McNeely and implied consent laws - Part I
So I'm sitting in the office pounding out yet another appellate brief - the sixth one in the last four weeks - when I get a call from one of my numberless horde of regular readers. "Hey, I'm a big fan," he says. "Who isn't?" I respond humbly. "Listen," he tells me, "you've got to write a post about Ohio's implied consent law."
I'm skeptical at the outset. For a variety of reasons, some of which make sense and some of which don't, I don't handle DUI cases. (Although I'm guessing that if somebody walked into my office right now, told me, "Russ, I blew a .16 in Rocky River last Friday night, and I'm supposed to be in court tomorrow," and plunked twenty-five Benjamins on my desk, I could see my way clear to deviating from my standard practice.) My initial reaction to his suggestion was that I'm as likely to write a post about implied consent as I am about Ohio's uniform partnership law, which, as best I can make out, requires partners to wear uniforms. But, my reader tells me, the Supreme Court's recent decision in Missouri v. McNeely may have a major impact on the implied consent law.
And he may just be right.
First, let's talk about the implied consent law, which is contained in RC 4511.191. The key provision is (A)(5)(b):
If a person refuses to submit to a chemical test upon a request made pursuant to division (A)(5)(a) of this section, the law enforcement officer who made the request may employ whatever reasonable means are necessary to ensure that the person submits to a chemical test of the person's whole blood or blood serum or plasma.
As the picture above shows, that "reasonable means" can include the police going all North Korea on you and strapping you to a gurney to have a nurse come in and draw the blood. In fact, just two years ago the 9th District upheld that very procedure in State v. Slates. Slates was stopped for drunk driving, and when he refused to submit to a breath test, he was taken to a local medical center. Because of his "continued lack of cooperation," one of the officers held down his hands "thereby allowing the nurse to finally draw the suspect's blood." In approving that procedure, Slates relies on the Supreme Court's 1966 decision in Schmerber v. California, where the Court upheld the drawing of Schmerber's blood in similar circumstances.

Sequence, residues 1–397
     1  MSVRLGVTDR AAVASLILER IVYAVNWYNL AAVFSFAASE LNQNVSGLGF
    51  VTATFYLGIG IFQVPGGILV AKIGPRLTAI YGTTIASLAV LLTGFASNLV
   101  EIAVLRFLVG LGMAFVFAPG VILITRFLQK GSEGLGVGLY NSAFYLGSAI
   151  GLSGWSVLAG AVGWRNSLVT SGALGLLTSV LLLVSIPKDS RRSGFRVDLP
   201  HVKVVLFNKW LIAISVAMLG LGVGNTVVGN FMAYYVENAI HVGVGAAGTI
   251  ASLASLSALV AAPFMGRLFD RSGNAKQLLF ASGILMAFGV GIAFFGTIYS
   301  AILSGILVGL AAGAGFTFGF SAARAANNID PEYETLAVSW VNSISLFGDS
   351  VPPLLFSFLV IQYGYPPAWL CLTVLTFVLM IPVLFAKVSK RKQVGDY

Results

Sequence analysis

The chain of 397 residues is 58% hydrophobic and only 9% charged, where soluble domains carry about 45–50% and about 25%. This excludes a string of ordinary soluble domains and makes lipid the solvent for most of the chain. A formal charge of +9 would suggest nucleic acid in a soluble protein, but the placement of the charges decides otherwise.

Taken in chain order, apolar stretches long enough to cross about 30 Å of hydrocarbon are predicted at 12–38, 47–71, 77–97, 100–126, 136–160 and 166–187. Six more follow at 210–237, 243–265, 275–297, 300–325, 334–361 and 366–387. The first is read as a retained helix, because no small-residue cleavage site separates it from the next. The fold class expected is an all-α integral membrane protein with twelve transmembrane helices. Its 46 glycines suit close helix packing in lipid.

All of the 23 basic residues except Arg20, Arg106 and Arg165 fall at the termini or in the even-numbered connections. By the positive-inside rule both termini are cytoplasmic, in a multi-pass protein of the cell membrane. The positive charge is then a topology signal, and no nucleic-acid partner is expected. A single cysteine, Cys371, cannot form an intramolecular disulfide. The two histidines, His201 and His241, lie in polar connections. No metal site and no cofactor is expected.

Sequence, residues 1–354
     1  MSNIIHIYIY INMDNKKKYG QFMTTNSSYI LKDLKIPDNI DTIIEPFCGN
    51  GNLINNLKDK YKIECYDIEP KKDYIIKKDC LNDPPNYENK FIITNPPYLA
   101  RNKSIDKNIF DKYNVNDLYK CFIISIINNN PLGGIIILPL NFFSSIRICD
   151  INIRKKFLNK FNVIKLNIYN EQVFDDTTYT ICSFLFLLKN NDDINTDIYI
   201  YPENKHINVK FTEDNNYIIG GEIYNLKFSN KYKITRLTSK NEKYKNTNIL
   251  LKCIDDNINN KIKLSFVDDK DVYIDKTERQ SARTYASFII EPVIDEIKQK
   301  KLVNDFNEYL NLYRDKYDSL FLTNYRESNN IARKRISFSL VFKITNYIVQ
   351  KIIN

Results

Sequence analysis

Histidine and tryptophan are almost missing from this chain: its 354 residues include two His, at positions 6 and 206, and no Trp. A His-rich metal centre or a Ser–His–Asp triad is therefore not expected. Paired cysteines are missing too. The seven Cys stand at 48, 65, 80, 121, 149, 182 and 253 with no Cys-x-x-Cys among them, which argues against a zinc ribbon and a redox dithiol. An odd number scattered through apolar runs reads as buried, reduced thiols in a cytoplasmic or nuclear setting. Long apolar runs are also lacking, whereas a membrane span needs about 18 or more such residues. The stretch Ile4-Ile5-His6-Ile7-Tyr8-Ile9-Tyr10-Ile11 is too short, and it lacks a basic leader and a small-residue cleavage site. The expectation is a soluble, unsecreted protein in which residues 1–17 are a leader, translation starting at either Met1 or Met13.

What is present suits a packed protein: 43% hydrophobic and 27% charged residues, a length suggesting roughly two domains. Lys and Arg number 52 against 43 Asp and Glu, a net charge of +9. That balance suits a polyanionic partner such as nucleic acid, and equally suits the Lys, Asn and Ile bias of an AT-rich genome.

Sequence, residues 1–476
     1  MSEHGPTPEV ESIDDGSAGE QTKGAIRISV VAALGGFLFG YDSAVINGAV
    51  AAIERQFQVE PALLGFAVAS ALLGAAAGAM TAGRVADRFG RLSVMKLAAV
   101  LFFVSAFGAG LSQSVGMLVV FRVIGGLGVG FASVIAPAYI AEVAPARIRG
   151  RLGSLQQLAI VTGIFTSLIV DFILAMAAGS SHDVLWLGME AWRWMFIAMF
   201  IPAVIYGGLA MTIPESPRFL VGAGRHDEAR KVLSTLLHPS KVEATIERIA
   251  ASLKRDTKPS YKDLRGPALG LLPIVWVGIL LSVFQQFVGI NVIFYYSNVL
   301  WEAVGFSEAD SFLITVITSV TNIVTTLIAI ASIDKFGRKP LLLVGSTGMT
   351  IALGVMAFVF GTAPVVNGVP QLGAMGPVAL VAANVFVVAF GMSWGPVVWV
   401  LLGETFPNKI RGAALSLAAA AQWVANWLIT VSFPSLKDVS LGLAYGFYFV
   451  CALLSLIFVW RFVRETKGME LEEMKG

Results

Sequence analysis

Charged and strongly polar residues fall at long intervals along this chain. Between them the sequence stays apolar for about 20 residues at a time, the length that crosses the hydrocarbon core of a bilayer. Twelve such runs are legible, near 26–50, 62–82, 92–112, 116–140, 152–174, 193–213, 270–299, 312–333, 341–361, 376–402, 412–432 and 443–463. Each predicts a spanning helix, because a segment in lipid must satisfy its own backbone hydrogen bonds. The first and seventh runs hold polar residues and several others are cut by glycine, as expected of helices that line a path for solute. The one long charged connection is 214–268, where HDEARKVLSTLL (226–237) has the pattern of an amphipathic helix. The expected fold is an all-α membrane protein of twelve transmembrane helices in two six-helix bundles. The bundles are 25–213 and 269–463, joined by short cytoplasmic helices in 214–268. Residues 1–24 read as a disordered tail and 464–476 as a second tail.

But Schmerber had also held that a blood draw was a "search" within the meaning of the 4th Amendment, and that's how we come to McNeely. If it's a search, does that mean a warrant is required? Schmerber glossed over that issue, determining only that the search was reasonable in the circumstances of that case. As I explained when I initially discussed the decision, in McNeely the state argued that a warrantless blood draw was always permissible, because the natural metabolization of alcohol in the body created a per se exigency allowing the police to dispense with a warrant. The Court rejected that argument, and held that whether a warrant is required in a particular case is to be determined by our old friend, "the totality of the circumstances."
Still, the decisions aside, in the land of the free and the home of the brave, how the hell did anybody think they could get away with a forced blood draw? Well, that's where the "implied consent" part of this comes in. The statute specifies that anyone who drives a car is "deemed to have given consent" to a blood test. Just four years ago in State v. Hoover the Ohio Supreme Court sanctioned that, relying on Schmerber for the position that "if an officer has probable cause to arrest a driver for DUI, the result of an analysis of a blood sample taken over the driver's objection and without consent is admissible in evidence, even if no warrant had been obtained."
Well, as McNeely makes clear, Schmerber didn't create a per se rule. That doesn't mean that a forced blood draw is impermissible, it just means that the police either have to get a warrant or be prepared to show that the exigencies of the moment didn't permit that.
McNeely pretty much kills the idea of a forced blood draw being permissible because the person impliedly consented to it by taking the wheel of a car. In fact, such an interpretation would make McNeely a dead letter. Yes, I know the bit about driving a privilege and not a right, but conditioning your ability to drive on your willingness to submit to a forced blood draw is no more tenable than conditioning it upon your agreeing to have your car stopped and searched at any time.
But there are several other questions here. The statute also imposes penalties for refusing to submit to a test; does McNeely negate those penalties as well? And what about breath tests?
We'll talk about that tomorrow.